Conflict between quantum, classical mechanics deepens
doi:10.1038/nindia.2018.29 Published online 12 March 2018
An international team of researchers have reported1 new results that they say will have deep implications in understanding "non-locality" issues in quantum mechanics.
“Quantum and classical worlds are in sharp contrast in the way they behave," Arun Kumar Pati, Professor in the Quantum Information and Computation Group at the Harish-Chandra Research Institute in Allahabad and a co-author in the study, told Nature India.
Albert Einstein believed that quantum theory should be local and that the physical properties of a quantum system should be real. He, along with Boris Podolsky and Nathan Rosen, published a milestone paper2 concerning local realism predictions that go against quantum mechanics.
Despite Einstein's claims, Irish physicist John Bell in 1964 showed3 that non-locality is an inherent feature of the quantum world that could not be explained by any theory that preserved “locality”. He proved the contradiction between quantum mechanics and local realism, thus giving birth to the notion of "non-locality".
Quantum non-locality is a consequence of the ability of quantum systems to exist in "entangled" states, in which individual particles – no matter how far apart – are seemingly connected as if by magic. If a measurement is performed on one of the “entangled” particles, the state of the other is instantaneously modified – a behaviour that may have applications in quantum communications and teleportation. The notion of non-locality was further strengthened by Lucien Hardy, who reduced the non-locality proof to two-particle states by presenting the famous Hardy’s paradox4, confirming that quantum theory – to be consistent with the experiments – must be non-local.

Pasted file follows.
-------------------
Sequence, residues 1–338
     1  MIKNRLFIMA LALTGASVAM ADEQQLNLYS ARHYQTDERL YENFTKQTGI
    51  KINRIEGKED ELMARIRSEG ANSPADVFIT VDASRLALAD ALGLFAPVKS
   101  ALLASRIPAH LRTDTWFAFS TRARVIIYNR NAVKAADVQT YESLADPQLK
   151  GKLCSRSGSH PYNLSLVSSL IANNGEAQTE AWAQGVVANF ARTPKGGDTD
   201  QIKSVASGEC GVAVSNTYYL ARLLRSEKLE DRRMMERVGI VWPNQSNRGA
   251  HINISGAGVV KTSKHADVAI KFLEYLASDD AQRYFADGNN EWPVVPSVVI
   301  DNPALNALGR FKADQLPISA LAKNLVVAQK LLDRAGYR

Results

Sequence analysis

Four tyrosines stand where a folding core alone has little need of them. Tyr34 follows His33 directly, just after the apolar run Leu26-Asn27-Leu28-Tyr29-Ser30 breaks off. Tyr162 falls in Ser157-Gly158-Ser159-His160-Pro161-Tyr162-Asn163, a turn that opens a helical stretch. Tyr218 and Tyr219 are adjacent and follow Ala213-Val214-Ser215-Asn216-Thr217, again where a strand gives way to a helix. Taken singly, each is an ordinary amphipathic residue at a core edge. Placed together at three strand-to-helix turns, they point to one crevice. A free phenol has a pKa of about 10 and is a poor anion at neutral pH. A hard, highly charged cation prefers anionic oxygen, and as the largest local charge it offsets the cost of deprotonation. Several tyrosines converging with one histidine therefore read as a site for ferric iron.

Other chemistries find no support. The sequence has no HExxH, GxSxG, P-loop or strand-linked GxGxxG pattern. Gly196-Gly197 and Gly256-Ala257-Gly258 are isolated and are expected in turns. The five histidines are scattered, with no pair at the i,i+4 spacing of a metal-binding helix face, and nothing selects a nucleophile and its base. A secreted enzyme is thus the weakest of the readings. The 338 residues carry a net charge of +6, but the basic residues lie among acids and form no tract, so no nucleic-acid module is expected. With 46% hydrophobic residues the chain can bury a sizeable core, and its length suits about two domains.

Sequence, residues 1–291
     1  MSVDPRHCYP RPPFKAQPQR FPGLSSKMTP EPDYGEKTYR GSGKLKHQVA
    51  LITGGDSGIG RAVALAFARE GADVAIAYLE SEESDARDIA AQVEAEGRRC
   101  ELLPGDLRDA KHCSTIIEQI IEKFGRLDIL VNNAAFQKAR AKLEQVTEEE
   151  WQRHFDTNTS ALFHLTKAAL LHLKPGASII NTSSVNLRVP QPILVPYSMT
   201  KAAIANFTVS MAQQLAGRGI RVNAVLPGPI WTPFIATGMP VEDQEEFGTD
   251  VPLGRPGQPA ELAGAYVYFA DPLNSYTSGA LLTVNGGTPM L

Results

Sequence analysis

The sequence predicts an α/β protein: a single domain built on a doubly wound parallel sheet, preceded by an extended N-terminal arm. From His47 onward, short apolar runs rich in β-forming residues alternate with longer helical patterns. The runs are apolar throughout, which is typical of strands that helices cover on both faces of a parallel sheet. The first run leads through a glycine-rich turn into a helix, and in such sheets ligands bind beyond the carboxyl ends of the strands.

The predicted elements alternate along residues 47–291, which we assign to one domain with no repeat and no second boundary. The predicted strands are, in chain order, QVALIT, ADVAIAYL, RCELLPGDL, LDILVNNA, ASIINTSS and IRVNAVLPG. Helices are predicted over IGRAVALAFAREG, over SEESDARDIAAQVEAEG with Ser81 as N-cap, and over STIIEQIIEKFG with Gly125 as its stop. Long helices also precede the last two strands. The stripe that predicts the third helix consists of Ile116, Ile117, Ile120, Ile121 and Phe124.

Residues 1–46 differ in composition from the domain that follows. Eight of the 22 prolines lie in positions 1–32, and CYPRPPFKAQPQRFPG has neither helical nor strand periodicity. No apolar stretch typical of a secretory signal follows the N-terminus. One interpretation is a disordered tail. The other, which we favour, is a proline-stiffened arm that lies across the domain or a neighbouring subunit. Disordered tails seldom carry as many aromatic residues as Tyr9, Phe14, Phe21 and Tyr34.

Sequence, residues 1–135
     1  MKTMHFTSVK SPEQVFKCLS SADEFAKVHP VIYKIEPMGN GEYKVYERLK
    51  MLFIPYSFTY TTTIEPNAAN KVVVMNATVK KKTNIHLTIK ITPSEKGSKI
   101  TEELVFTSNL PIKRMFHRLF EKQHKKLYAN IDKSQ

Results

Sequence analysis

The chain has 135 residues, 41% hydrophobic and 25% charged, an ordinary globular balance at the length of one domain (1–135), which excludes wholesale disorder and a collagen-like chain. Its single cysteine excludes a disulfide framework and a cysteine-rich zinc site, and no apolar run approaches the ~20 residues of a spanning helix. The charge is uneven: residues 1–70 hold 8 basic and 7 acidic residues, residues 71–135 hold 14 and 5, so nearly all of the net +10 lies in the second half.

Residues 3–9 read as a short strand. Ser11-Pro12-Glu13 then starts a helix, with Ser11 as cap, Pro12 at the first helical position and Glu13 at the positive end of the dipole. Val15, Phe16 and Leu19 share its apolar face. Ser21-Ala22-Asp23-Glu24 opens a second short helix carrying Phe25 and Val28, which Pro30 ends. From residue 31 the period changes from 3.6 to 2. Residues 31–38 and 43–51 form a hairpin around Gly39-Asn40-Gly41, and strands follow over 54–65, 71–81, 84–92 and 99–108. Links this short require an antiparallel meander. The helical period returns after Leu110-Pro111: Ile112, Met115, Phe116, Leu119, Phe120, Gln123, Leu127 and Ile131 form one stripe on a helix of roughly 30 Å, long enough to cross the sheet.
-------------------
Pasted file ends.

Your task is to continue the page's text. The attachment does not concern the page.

"We prove a new result in quantum mechanics by presenting the most general framework for the multi-particle Hardy’s paradox," says Pati. The generalised Hardy’s paradox includes previously known results as special cases and gives sharper conflicts between quantum and classical theories, says co-author Jing-Ling Chen at Nankai University of China. "In actual experiments, our method can display higher success probability in bringing out quantum non-locality and hence is stronger than the standard Hardy’s paradox."
These results not only advance the study of Bell's non-locality by presenting the most general framework for the Hardy's paradox, "but also provide a feasible proposal to experimentally observe the stronger paradox", the report says.
Pati says the primary outcome of the study is that the quantum world cannot be understood using classical notions. "Although over a hundred years have passed since the birth of quantum mechanics, it is surprising that one can still discover bizarre paradoxes. The conflicts between quantum and classical predictions continue changing the way we understand what quantum theory really means."
1. Jiang, S.-H. et al. Generalized Hardy's Paradox. Phys. Rev. Lett. 120, 050403 (2018) doi: 10.1103/PhysRevLett.120.050403
2. Einstein, A. et al. Can quantum-mechanical description of physical reality be considered complete? Phys. Rev. 47, 777 (1935) doi: 10.1103/PhysRev.47.777
3. Bell, J. S. On the Einstein Podolsky Rosen paradox. Phys. 1, 195-290 (1964) Article
4. Hardy, L. et al. Quantum mechanics, local realistic theories, and Lorentz-invariant realistic theories. Phys. Rev. Lett. 68, 2981 (1992) doi: 10.1103/PhysRevLett.68.2981
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